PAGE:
On our way back from Peony’s Envy (see previous post), we stopped to stretch our legs at the Frelinghuysen Arboretum in Morris, New Jersey. Dedicated in 1971, the arboretum was a gift from Matilda Frelinghuysen and consists of 127 mixed acres of woodlands, meadows, gardens, and (of course) trees. There is also a Colonial Revival style summer home, used by the late Frelinghuysens three months of the year, but the house was closed to visitors at the time of our visit.
The Frelinghuysen Arboretum can be divided into three sections. The first sections is the home demonstration gardens area encircling the Haggerty Education Center. There you will find a perennial garden, rock garden, blue garden, cottage garden, special needs garden, and so much more. I spent an hour in this section alone.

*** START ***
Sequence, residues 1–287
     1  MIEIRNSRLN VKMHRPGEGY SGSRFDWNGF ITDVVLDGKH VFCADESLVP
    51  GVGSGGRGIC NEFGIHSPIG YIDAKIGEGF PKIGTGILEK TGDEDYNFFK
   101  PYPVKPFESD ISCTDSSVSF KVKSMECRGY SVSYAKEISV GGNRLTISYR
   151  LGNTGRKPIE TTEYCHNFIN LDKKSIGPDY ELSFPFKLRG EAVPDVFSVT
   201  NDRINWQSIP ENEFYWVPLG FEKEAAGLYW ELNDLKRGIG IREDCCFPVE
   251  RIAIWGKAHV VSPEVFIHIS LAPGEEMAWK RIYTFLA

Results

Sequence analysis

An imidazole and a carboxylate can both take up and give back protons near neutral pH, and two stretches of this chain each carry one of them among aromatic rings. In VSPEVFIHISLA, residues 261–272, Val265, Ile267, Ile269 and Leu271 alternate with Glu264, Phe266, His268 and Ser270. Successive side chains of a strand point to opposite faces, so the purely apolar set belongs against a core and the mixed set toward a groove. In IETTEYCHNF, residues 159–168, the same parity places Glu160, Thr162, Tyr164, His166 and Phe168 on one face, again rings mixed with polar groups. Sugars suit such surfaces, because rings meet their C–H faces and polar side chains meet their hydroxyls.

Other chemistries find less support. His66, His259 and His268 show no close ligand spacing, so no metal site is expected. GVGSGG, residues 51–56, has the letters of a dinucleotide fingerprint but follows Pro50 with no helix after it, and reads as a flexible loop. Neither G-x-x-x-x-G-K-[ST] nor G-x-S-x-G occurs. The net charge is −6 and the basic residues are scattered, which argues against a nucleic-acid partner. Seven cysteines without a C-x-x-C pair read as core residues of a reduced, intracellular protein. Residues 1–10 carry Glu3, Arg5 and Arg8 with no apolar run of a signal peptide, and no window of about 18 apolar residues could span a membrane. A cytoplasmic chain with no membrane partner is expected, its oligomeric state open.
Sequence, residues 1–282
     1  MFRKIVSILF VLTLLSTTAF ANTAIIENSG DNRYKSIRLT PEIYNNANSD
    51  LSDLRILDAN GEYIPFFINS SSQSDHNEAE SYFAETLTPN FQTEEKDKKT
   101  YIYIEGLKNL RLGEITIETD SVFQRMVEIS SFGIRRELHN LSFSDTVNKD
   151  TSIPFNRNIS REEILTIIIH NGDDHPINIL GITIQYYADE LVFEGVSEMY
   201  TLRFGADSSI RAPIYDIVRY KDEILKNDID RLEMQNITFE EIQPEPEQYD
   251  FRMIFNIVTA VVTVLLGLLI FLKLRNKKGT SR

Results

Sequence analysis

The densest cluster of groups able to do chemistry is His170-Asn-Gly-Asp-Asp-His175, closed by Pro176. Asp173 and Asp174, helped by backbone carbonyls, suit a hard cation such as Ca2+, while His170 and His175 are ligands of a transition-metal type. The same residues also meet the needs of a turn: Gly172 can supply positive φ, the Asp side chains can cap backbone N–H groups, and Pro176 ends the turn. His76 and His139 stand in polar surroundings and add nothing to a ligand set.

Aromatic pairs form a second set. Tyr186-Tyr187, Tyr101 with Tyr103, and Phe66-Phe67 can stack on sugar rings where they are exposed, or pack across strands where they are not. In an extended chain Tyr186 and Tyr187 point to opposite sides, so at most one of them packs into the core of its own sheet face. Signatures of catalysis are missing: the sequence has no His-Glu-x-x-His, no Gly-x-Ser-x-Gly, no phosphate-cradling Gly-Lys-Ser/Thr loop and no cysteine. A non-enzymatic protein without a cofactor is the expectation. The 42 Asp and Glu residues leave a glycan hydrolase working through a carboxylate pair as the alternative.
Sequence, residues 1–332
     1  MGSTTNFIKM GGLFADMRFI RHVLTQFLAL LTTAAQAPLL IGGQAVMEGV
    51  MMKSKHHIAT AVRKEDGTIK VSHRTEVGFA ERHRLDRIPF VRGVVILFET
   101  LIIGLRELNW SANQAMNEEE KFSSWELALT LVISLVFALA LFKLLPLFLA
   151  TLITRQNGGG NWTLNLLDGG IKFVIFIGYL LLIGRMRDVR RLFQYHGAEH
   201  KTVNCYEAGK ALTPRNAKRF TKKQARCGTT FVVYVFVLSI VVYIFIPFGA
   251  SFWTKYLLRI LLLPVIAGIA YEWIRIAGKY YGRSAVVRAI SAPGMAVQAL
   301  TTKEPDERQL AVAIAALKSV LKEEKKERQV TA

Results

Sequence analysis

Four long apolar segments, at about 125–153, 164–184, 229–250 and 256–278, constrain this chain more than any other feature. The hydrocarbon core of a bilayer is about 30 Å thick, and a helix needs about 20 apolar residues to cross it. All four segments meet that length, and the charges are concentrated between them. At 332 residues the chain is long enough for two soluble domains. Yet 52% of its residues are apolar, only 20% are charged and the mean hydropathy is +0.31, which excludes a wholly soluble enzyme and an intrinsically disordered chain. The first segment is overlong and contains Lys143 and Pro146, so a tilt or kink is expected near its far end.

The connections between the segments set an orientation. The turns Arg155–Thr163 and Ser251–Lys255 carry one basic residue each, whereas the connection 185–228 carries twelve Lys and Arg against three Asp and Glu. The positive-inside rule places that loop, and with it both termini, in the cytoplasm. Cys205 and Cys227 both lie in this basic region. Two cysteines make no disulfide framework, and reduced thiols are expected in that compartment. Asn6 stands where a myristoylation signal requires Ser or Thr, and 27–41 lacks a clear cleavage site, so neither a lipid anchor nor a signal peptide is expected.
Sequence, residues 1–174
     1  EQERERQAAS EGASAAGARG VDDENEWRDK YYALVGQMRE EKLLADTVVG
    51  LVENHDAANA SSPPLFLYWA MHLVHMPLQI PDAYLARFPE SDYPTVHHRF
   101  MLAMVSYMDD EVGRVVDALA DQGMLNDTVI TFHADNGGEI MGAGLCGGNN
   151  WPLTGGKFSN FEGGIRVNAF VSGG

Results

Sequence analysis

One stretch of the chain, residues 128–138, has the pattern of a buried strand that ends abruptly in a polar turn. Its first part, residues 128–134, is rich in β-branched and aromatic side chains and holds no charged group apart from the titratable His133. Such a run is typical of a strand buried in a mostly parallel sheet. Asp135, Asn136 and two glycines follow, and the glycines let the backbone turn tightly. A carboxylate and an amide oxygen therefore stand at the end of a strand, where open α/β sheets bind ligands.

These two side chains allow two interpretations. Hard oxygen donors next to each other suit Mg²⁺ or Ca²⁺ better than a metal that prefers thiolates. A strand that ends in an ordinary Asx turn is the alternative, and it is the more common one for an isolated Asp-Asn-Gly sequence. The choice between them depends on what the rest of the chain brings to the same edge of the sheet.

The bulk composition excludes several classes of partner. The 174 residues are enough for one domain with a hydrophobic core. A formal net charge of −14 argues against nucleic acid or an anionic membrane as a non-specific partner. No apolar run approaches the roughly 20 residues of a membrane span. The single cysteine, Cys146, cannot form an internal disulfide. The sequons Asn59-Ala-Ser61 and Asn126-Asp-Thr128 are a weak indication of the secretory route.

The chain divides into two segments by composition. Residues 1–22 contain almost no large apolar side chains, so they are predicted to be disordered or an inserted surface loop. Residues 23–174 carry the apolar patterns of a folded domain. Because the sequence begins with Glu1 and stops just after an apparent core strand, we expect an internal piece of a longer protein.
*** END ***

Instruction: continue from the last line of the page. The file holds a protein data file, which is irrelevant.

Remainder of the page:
The second section is the mansion garden area which includes the great lawn, heritage rose garden, knot garden, several fountains, an arbor, and more. According to the cell phone tour, the rose gardens beds are laid out between the spokes of a brick walk that resemble the Union Jack. In the center beds are Knock Out Roses with hybrid tea and ground cover roses around the edge of the garden.
The third section is what I thought of as the arboretum proper — the trees, paths, and meadow that comprise the majority of the grounds. While we didn’t spend much time in this section, I would like to return next spring to see the crabapples and flowering cherries in bloom.
Although we only spent a scant two hours at the Frelinghuysen Arboretum, we enjoyed every minute and would recommend it as a peaceful way to spend an afternoon in North Jersey.